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Source: Iowa Soybean Association news release

A purchase agreement signed today in Des Moines will result in four Panamax ships full of soybeans setting sail from the United States to China during the next marketing year.

China Jiusan, one of the largest soybean crushers in China, agreed to buy 200,000 metric tons of soybeans from Zen-Noh Grain Corp., a grain trading company based in Mandeville, La. The action occurred during a contract signing ceremony hosted by Iowa Economic Development Authority at the state capitol.

The deal is worth an estimated $100 million and was one of several contracts and memorandums of understanding (MOU) signed between Chinese government and business representatives and Iowa agriculture and business officials.

The Iowa Soybean Association (ISA) and the Iowa Department of Agriculture and Land Stewardship each signed a MOU of cooperation with the China Chamber of Commerce of Foodstuffs & Native Produce to foster even more agricultural trade between Iowa and China.

More than 50 people, including farmers and agriculture, business and government officials from Iowa and China, filled the Iowa Supreme Court Chambers to witness the signings.

Grant Kimberley, ISA market development director and central Iowa farmer, said the soybean purchase agreement and ceremony at this time of year is significant.

"China is securing soybean supplies early. And, it's a continuation of the strong relationship between Iowa and China established by Gov. Branstad and President Xi," Kimberley said.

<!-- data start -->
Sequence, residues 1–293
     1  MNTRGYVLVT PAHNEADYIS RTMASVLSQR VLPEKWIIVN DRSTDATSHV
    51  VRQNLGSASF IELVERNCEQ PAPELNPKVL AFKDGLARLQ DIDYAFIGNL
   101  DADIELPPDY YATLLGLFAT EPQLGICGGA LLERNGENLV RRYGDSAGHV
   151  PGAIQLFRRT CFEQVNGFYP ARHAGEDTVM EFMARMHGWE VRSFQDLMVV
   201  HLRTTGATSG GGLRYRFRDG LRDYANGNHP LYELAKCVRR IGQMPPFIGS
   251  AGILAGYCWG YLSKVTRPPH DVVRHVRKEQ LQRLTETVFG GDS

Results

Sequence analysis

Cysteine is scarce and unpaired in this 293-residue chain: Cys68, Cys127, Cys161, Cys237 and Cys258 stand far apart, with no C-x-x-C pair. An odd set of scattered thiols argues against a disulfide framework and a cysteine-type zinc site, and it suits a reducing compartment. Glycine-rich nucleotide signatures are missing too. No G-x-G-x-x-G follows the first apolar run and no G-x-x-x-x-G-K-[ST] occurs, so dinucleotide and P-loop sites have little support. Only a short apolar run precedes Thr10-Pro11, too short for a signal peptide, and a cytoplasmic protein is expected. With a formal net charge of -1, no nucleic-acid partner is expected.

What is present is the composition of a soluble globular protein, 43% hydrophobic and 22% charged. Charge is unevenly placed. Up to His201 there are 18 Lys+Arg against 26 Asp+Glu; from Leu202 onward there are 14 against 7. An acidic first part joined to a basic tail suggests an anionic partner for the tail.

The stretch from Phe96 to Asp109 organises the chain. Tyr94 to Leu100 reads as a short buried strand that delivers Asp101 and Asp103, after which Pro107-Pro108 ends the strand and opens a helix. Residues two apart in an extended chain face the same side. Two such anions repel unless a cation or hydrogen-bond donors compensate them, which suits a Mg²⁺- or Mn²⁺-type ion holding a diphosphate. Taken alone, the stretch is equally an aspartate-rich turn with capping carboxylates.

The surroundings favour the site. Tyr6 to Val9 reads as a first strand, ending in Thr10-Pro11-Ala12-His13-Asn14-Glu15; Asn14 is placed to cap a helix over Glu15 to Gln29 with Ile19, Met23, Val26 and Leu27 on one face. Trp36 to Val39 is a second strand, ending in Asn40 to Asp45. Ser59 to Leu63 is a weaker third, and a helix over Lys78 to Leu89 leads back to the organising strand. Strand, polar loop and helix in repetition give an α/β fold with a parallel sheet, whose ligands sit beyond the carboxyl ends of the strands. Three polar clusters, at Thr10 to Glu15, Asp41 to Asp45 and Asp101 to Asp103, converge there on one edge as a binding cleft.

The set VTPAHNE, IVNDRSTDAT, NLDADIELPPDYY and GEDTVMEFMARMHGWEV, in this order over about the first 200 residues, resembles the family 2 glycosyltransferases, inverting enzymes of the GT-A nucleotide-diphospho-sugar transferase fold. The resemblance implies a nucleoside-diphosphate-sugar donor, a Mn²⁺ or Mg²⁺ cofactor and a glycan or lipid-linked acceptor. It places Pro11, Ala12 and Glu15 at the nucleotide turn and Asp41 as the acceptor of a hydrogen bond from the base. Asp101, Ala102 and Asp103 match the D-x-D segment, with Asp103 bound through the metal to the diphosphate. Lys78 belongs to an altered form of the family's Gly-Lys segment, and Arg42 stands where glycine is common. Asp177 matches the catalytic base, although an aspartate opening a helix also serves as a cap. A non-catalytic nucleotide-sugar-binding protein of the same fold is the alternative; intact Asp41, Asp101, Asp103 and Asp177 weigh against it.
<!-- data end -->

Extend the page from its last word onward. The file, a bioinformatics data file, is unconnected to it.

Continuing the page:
U.S. soybean farmers exported a record 1.58 billion bushels in 2013, valued at nearly $28 billion. Soybeans are the nation's leading farm export.

With four months left in the current marketing year, soybean exports are on pace to set a new record. A growing middle class in the world's most populous country craving more protein is the major reason. Chinese pork production is up 39 percent since 2000, and soybean meal is needed to feed hogs.

ISA President Brian Kemp, who farms near Sibley, signed the MOU on behalf of the association and its 11,400 members. He said it forges a relationship of cooperation and transparency.

"China is our No. 1 customer. With that partnership comes a responsibility," Kemp said. "For soybean farmers, that responsibility is to grow a high-quality, reliable supply of soybeans while caring for soil and water quality. We're dedicated to continuous improvement."

According to Ross Trentadue, merchandiser for Zen-Noh Grain Corp., the company sources much of its soybeans from the Midwest via barge and rail. One in four rows of soybeans grown in Iowa is exported, officials said.

Continuing to build friendships with the top foreign buyer of U.S. soybeans is why ceremonies and farm visits are important, Kimberley said. The Chinese officials also toured the Kimberley grain farm near Maxwell. Grant and his father, Rick, have hosted several Chinese delegations.

Rong Weidong, vice president of the China Chamber of Commerce of Foodstuff & Native Produce, said the spirit of cooperation is alive and well between the two nations. The chamber works with grain buyers in China to determine the nation's needs.

"Through the signing ceremony, we hope to foster a partnership with Iowa and a better future for all of us," Weidong said.

ISA District 5 Director and Secretary Rolland Schnell agreed. The rural Newton farmer said building even stronger friendships with China will help soybean farmers and all Iowans.

That bond was evident today. It will take about 7.4 million bushels of soybeans to fulfill the contract signed today, which is more than what Schnell and fellow farmers in Jasper County produced last year (5.85 million bushels).
The delivery date is sometime between November and October 2015.

"Without a good relationship, they wouldn't have confidence in our soybeans," Schnell said. "The relationship will carry us through bumpy spots whether economic or political."

To learn more about ISA, go to

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